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Creating tomorrow's energy landscape   

Author: Amy  by  Amy  on  9/20/2018

​Yesterday we took a big step forward in demonstrating our commitment to renewable energy. Our Utilities Board approved the addition of 150 megawatts of new solar generation plus battery storage to our system by 2024. 41334_485A2360_solar2.jpg

The project will bring our renewable energy mix to more than 20 percent by
2024.

“This decision sets the stage for us to create a new energy landscape,” says John Romero, general manager of Energy Acquisition Engineering and Planning. “To better serve our customers in the future, we need to think differently, become more creative and embrace new technology to advance our learning and become a leader in the industry.”

The project, in addition to two solar projects totaling 95 megawatts that will come online in 2020, will change the way we power the Pikes Peak Region for decades to come. Once all are commissioned, we will be able to power more than 75,000 homes annually with this carbon-free energy, while limiting bill impacts to just over 1 percent over 10 years.

We understand our customers have high expectations for their local utility. In addition to safe and reliable service, they want to know that the beauty of the Pikes Peak Region is being preserved for our children and grandchildren. That’s why projects such as this play an integral part in our environmental stewardship.

 
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This is awesome news, keep up the good work moving us forward to our renewable energy future as quickly as we can!

Saturday, October 13, 2018  3:15 AM  Sean Helzer

I'd like to see articles on conservation case studies within our community. We bought our home in 2011, which was built in 1994 by Keller Homes. The first year of ownership, we consumed 10,700kwh of electricity. We had a whole house energy audit done, and were dismayed to learn the breakeven on a high efficiency furnace, air conditioner, and even whole house air sealing would each take 30+ years. We bought a Nissan Leaf in mid 2013, which we drive 8K miles/yr. We trickle charge it at 120v in our garage for all but the rare extended trip. On LED light bulb replacements alone, we covered the additional 2,000 kwh needed to run the car. We insulated the garage, including the garage door with panels from Lowes. We added 6.6kwh of net metered solar panels to our south-southeast facing roof in the Spring of 2015, which had us producing a surplus in 6 months and a deficit in 6 months, coming up short by 600kwh that first year of experience. Changing out a dimmer switch for LED's in the dining room, replacing fluorescent lighting in the garage and kitchen with LED strip lights and replacing low voltage 11 watt T-type bulbs in outdoor deck lighting with LED bulbs saved another 1,000+ kwh/yr. We replaced our windows over 3 years with Milgard energy efficient windows and added honeycomb blinds in 2017. In 2016 we also added infra-red heat reflecting foil in the attic which rolls out over the existing insulation and is stapled in place. In 2018, we are on track to consume less than 7,000 kwh of electricity and our net metered array will generate close to 11,000 kwh by year end, sending 4,000 kwh of excess production back to the grid! Even better is the comfort level we experience in our home as it stays temperate year round. We rarely need to even run A/C anymore and the heat cycles on much less in the winter, saving on gas as well. I wish there was a program to donate that excess production similar to Project COPE as the credit on excess electricity is only $0.028/kwh and would be worth almost 4x that to someone in need at regular rates. I hope this gives others encouragement and ideas on where to start to save on electricity. Connect fees now represent 45% of our CSU utility bills, which are budgeted at $160/mo.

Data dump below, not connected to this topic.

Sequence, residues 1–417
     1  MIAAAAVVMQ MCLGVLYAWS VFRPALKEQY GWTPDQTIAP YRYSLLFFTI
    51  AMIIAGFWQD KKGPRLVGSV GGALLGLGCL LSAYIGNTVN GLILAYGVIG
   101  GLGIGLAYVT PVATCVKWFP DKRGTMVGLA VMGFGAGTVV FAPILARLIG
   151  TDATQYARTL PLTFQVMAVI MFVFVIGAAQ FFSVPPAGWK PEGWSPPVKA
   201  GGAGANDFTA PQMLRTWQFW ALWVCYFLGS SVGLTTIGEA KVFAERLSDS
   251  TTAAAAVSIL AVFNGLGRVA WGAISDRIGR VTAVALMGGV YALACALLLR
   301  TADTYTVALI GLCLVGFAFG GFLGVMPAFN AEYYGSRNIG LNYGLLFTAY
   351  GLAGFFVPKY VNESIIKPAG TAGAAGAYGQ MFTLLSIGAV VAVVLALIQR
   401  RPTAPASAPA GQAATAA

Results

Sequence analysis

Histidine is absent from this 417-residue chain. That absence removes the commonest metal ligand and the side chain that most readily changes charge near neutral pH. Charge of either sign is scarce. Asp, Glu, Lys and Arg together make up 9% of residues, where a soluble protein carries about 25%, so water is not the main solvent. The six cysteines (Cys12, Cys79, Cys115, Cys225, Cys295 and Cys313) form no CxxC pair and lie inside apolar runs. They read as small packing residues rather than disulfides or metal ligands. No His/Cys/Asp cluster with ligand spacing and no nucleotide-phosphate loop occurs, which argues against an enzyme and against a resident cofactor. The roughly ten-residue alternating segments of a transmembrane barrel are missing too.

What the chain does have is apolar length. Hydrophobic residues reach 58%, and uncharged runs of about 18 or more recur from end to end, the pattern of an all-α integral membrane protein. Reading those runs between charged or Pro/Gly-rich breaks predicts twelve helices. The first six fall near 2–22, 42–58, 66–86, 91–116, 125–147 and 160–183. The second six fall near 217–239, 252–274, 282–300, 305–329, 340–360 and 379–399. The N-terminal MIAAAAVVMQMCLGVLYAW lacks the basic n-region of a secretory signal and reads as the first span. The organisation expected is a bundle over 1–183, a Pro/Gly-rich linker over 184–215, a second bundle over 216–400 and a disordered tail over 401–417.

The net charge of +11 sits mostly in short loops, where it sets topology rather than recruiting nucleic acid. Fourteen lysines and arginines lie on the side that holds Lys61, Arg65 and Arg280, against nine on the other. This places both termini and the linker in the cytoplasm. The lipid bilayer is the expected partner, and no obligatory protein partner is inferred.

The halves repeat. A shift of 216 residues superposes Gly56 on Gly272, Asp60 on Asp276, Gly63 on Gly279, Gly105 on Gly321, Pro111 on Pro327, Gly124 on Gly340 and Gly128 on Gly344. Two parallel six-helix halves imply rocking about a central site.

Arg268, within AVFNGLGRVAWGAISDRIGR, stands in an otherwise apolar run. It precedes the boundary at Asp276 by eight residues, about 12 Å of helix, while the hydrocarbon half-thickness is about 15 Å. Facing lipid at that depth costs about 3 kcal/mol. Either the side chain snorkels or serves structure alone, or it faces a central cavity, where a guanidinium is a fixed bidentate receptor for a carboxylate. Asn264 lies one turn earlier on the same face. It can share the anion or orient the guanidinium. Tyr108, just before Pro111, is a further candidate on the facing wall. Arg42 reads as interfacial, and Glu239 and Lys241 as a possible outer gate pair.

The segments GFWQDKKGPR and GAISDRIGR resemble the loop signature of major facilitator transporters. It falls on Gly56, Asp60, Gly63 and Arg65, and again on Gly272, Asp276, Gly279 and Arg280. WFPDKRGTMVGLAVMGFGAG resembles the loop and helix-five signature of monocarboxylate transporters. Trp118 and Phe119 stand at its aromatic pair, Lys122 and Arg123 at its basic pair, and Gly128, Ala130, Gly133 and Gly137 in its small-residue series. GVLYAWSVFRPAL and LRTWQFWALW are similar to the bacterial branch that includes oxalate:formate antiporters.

Tuesday, November 06, 2018  6:22 AM  Greg

I'd like to learn more about the billing from CSU after installing solar panels to a home. I know Woodland Park charges a surplus for any electricity used during "dark" hours. Will CSU charge a surplus as well? Or is the solar storage component used for after-dark energy use for the homeowner specifically?

Tuesday, April 30, 2019  9:47 AM  Rea